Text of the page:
D. 70, roughly one generation.
the Baptist is the last of the Old Testament prophets.
Jesus makes this so very plain in Matthew 11:7-14:
they went away, Jesus began to speak to the crowds concerning John . . .
‘What then did you go out to see? A prophet? Yes, I tell you, and more
than a prophet. This is he of whom it is written, “Behold, I send my
messenger before your face, who will prepare your way before you.”
Truly, I say to you, among those born of women there has arisen no one
greater than John the Baptist. Yet the one who is least in the kingdom of
heaven is greater than he . . . For all the Prophets and the Law
prophesied until John, and if you are willing to accept it, he is Elijah
who is to come.”
process of the fulfilling of the Old Testament in the New is not completed
until God sovereignly stops the sacrificial system through the rod of his
anger, (cf. Isaiah 10:5.) the Roman general Titus, son of Vespasian, in
A.D. 70. Hebrews 8:13 says,
“In speaking of a new covenant, he makes the first one obsolete. And
what is becoming obsolete and growing old is ready to vanish away.”
It did vanish in A. D. 70, exactly one generation removed from the
time of our Lord’s Olivet Discourse.
one thing that I would stress, however, is that it is not A. D. 70, nor is
it John the Baptist, that is of great significance—they are simply the
outer edges of the transition. By
themselves, both are pretty trivial.
The real transition point is A.D. 30.
It is then that the whole sacrificial system is completed.
Jesus died on the cross, the way into the Holy of Holies was opened for
all people: Jews and
Gentiles, males and females, descendants of Aaron and people of
illegitimate birth, the healthy and the deformed.
When the Roman spear pierced the Great Jew’s side, and the water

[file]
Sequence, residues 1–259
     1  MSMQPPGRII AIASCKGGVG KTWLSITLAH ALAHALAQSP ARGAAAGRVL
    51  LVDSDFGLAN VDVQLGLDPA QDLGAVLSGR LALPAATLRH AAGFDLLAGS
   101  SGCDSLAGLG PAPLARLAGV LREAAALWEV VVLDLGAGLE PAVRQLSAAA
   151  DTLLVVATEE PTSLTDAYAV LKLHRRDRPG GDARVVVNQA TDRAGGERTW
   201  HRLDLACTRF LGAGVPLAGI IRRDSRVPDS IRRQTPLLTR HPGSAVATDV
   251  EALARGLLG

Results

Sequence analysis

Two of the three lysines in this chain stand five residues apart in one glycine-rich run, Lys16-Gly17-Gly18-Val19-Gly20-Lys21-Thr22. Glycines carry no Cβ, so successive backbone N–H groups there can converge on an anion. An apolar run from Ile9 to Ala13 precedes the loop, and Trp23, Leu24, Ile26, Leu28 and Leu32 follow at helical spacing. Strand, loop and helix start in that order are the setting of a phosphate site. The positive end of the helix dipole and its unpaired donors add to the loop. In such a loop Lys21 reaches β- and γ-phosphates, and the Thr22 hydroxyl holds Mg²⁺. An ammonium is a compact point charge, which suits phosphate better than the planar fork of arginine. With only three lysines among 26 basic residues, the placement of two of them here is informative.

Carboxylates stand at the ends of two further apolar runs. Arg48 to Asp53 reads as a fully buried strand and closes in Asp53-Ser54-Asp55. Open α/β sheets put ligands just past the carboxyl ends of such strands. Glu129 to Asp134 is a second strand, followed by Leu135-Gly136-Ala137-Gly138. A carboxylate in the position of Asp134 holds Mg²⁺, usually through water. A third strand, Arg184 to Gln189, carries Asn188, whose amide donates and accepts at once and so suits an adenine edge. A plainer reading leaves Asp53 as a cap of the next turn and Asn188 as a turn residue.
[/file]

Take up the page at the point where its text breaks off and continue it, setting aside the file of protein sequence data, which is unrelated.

and the blood flowed out, God put his seal of approval on the completion
of the Sacrifice by ripping the Great Curtain between the Holy Place and
the Holy of Holies:
Jesus cried out again with a loud voice and yielded up his spirit. And
behold, the curtain of the temple was torn in two, from top to bottom. And
the earth shook, and the rocks were split. The tombs also were opened. And
many bodies of the saints who had fallen asleep were raised, and coming
out of the tombs after his resurrection they went into the holy city and
appeared to many.” (Matthew 27:50-53.)
is mentioned in only passing as the forerunner; the destruction of the
Temple in A. D. 70, only prophetically and cryptically, as the last gasps
of the Older Testament. The
crucifixion and resurrection of the Lord Jesus form the centerpiece of the
New Covenant, the profoundest event in history—God himself is executed
by humankind and dies in his human nature.
cannot keep his prey, Jesus my Savior!
else pales in comparison: preterist seminars, prophetic conferences,
laughter gatherings, anointing for healing, speaking in tongues.
“Therefore, brothers, since we have confidence to enter the holy places by the blood of Jesus, by the new and living way that he opened for us through the curtain, that is, through his flesh, and since we have a great priest over the house of God, let us draw near with a true heart in full assurance of faith, with our hearts sprinkled clean from an evil conscience and our bodies washed with pure water.” (Hebrews 10:19-22.)